#4: Focus on adding positive habits, not deprivation.

Add  home-cooked meals with friends (instead of eating out). Add family movie nights at home (instead of dropping $80 on a theatre and snacks). Add a garden or another hobby that can help you grow, make or create what you used to buy!

#5: Make saving automatic.

Savers have systems in place that move money into savings accounts, life insurance policies, and investments. Set up automatic withdrawals and transfers so that money doesn’t sit in your checking account.

#6: Out of sight, out of mind.

Consider opening a savings account at a separate bank or credit union, or beginning a cash value insurance policy so that you have liquidity without making access to your cash too easy.

#7: Owners are savers.

As we detailed in “A Home Buyer’s Guide for Wealth Builders,” owning your home and investing in real estate can be two of the most important decisions you’ll ever make. Rather than spending decades throwing money into a never ending black hole of rent, you can use mortgages and even rental income to build leveraged wealth. (For more on this, read my latest book with Jimmy Vreeland, Busting the Real Estate Investing Lies.)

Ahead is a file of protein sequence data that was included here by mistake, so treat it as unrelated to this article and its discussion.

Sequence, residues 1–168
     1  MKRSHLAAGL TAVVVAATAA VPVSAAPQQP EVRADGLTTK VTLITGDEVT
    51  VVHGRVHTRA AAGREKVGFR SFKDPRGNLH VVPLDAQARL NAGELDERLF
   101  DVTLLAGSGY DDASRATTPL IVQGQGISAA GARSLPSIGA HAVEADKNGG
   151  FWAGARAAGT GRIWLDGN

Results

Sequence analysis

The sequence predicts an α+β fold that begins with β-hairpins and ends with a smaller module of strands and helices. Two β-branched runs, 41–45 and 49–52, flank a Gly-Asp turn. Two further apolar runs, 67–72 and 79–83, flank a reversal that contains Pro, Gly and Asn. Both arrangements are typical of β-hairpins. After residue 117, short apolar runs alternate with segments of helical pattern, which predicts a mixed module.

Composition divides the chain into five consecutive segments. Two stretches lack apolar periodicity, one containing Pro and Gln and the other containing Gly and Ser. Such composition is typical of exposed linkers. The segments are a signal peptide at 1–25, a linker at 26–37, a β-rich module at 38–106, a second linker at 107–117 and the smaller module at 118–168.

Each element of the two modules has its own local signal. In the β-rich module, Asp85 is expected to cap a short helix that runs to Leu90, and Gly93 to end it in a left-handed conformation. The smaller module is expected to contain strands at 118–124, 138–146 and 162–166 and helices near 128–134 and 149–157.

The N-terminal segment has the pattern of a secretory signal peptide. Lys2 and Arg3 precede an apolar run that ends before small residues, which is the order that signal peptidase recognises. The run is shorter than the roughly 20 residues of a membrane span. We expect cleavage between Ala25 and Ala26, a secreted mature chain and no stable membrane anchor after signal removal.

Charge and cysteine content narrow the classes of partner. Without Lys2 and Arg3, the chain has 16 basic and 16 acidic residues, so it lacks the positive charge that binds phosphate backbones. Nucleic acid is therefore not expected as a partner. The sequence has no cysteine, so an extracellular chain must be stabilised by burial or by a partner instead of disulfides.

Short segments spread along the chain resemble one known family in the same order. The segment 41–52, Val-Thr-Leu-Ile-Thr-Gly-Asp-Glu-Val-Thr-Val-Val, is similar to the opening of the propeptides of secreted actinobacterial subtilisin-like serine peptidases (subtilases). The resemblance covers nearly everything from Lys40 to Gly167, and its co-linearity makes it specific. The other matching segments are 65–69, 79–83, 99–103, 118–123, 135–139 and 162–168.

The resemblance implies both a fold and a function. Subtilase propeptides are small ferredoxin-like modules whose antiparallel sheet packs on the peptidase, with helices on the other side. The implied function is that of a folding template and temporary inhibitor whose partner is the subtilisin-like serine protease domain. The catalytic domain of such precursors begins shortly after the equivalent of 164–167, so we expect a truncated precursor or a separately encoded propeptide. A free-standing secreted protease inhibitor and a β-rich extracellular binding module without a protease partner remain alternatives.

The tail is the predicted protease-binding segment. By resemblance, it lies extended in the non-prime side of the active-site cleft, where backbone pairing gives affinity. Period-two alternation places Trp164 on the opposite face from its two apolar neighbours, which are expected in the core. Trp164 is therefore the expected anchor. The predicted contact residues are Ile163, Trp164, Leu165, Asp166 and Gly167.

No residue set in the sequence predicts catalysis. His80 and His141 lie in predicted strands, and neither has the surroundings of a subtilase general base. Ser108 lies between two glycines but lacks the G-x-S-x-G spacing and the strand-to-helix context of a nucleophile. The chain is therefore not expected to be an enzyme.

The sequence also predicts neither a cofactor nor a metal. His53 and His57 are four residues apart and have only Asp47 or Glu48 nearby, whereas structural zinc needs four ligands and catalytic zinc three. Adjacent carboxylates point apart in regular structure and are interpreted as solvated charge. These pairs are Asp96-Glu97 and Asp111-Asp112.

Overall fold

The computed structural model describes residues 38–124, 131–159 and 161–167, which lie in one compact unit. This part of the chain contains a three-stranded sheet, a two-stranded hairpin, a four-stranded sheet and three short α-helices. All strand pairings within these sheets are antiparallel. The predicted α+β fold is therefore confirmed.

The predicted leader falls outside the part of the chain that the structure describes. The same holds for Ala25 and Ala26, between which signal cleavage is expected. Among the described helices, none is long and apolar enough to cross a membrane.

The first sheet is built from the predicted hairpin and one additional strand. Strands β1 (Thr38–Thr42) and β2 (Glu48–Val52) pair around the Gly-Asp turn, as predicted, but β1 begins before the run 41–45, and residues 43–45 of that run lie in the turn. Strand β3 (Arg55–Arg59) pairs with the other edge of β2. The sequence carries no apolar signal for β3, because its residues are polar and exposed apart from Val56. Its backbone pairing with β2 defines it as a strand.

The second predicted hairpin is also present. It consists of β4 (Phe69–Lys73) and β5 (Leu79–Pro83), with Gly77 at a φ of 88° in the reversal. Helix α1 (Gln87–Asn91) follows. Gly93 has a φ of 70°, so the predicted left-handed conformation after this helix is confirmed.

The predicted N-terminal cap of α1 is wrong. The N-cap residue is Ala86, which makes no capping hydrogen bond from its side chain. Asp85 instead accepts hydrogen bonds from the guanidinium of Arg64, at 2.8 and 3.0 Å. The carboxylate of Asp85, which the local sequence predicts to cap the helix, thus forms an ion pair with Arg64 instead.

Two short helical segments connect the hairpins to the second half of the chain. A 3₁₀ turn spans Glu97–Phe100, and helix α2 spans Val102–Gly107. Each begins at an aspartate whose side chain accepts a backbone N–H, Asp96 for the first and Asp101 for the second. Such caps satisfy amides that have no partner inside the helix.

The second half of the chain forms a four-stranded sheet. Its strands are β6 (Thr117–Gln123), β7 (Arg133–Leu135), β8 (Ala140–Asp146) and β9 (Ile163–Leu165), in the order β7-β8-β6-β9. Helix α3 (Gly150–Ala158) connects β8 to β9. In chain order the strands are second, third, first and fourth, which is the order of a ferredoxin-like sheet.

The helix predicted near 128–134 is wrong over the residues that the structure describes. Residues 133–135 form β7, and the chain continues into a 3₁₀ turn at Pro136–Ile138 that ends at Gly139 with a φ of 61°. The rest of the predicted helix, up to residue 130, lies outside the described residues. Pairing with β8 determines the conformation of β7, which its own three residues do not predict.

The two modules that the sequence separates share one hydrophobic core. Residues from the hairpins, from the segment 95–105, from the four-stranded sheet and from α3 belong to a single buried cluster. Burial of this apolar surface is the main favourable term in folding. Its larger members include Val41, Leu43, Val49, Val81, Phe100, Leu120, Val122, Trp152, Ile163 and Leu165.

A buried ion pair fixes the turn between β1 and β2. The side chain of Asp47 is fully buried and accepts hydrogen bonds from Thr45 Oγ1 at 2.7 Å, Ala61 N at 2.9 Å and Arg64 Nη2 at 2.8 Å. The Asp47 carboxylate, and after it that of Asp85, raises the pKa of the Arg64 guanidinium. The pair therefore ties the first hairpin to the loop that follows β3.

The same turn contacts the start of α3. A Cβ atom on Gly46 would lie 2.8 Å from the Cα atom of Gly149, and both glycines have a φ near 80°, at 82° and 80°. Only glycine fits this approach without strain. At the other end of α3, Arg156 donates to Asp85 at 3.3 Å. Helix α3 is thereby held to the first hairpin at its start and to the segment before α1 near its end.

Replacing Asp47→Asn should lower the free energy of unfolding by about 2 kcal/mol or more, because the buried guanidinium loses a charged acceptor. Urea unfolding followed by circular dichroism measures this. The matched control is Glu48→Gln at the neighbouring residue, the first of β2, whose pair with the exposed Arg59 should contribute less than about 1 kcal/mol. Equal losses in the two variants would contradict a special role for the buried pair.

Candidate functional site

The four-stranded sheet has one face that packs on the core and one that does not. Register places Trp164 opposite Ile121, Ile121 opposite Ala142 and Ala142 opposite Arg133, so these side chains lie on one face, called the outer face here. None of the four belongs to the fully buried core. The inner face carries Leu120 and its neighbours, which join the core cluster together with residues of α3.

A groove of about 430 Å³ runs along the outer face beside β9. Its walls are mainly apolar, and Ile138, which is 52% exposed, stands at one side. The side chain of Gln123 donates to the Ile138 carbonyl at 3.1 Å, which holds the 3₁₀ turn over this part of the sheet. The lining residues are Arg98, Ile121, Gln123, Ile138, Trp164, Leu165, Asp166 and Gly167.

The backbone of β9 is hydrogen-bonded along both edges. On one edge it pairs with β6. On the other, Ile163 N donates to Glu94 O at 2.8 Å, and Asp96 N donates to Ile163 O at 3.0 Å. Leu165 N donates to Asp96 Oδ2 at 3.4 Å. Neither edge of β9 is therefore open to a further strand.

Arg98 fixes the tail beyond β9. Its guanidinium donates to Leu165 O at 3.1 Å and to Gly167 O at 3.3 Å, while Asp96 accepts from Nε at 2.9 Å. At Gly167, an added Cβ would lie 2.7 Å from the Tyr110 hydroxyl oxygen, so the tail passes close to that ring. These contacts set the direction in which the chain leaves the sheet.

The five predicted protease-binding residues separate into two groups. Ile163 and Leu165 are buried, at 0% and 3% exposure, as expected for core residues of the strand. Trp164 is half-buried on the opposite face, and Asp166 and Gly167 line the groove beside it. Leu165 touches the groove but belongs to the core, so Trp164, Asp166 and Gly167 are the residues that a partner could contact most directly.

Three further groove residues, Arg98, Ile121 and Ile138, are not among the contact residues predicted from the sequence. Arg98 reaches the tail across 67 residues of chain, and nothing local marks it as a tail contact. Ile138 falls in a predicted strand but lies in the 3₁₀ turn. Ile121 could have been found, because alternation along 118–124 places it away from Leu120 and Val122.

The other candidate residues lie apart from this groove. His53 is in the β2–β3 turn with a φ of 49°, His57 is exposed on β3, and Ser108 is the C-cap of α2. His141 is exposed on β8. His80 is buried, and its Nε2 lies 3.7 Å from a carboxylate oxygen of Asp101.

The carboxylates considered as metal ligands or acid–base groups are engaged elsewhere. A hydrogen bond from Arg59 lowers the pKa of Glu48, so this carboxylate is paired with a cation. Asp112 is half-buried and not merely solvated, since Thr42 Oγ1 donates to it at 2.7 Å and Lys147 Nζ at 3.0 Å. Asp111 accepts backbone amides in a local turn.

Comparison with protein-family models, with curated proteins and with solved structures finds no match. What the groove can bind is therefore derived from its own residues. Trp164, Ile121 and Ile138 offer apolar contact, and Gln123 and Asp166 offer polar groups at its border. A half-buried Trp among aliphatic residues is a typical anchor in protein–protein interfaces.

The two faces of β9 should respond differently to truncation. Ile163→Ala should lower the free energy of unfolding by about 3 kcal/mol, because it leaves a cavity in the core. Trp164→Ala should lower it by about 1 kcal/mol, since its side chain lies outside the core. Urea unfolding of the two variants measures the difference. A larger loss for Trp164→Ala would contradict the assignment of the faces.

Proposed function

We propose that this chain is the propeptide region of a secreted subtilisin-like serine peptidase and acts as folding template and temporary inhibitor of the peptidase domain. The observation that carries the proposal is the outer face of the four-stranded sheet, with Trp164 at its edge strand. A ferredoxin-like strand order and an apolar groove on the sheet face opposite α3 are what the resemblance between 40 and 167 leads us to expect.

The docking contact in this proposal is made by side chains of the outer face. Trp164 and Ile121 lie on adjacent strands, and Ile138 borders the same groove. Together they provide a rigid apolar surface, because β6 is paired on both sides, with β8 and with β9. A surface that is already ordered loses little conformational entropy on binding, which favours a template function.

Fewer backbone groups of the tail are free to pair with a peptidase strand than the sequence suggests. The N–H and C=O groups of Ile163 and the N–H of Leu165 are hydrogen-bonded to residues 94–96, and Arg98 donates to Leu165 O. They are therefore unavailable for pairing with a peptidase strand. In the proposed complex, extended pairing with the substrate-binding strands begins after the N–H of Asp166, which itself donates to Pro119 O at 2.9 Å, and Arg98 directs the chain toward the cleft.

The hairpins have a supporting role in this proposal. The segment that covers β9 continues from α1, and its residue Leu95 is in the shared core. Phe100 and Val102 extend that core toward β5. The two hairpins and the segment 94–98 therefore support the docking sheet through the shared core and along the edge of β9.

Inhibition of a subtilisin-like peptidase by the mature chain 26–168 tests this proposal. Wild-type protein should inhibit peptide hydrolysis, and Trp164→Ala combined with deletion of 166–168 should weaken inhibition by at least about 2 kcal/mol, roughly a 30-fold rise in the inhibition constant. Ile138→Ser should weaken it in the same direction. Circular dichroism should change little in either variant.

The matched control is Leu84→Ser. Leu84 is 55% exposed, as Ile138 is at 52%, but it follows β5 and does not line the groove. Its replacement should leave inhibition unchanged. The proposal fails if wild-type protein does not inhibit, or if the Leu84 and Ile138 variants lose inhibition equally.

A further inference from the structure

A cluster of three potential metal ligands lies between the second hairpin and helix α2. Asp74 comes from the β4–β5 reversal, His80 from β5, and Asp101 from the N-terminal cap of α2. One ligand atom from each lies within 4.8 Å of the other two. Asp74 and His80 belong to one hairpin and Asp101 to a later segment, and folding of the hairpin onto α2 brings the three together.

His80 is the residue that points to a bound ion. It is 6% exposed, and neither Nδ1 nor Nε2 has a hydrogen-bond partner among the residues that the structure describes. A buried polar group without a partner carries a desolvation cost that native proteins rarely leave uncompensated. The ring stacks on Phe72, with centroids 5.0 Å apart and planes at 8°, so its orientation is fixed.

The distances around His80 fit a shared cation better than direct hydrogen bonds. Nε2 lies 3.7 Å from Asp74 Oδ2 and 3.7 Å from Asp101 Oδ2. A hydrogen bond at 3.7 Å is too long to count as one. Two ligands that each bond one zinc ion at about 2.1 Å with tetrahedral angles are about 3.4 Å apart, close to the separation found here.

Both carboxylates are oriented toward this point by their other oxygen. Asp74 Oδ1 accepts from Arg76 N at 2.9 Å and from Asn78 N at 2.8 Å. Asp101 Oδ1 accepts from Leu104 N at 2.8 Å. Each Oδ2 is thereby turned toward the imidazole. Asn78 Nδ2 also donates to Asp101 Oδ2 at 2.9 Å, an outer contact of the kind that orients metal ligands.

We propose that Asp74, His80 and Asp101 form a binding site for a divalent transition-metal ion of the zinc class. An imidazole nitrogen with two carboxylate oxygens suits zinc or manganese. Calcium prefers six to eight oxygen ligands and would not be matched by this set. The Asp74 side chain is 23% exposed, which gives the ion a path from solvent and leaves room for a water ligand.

Owning whole life insurance is another simple strategy for better savings habits. There’s a saying, “Life insurance is like a savings account that shows up like a bill!”

A Better Way to Save

Dave Brailsford, the British cycling coach, says, “You can walk 1,000 miles, but you can only do it a step at a time.”

Saving money happens one dollar at a time.

Savings accounts at a bank or credit union are a good place to start. As your liquidity grows, you’ll want to consider other options.

For better long-term savings rates combined with additional benefits, the wealthy often utilize high cash value whole life insurance. Find out how it can help you:

  • Beat bank rates.
  • Increase long-term savings and financial certainty.
  • Protect your family permanently (why get only term insurance that becomes cost-prohibitive when you need it most?)
  • Grow money tax-deferred and pass it to heirs tax-free.
  • Shield your privacy (the IRS won’t know what you have stashed away).
  • Build liquidity that can be used or borrowed against for any reason.

There are pros and cons to whole life insurance. For instance, the premiums are substantially higher than term insurance, and cash value takes time to grow. Convertible term or a blend of term and whole life may be preferable in some circumstances.

For a life insurance quote in the form of an illustration, contact Partners for Prosperity today. We’d love to help you improve your savings habits!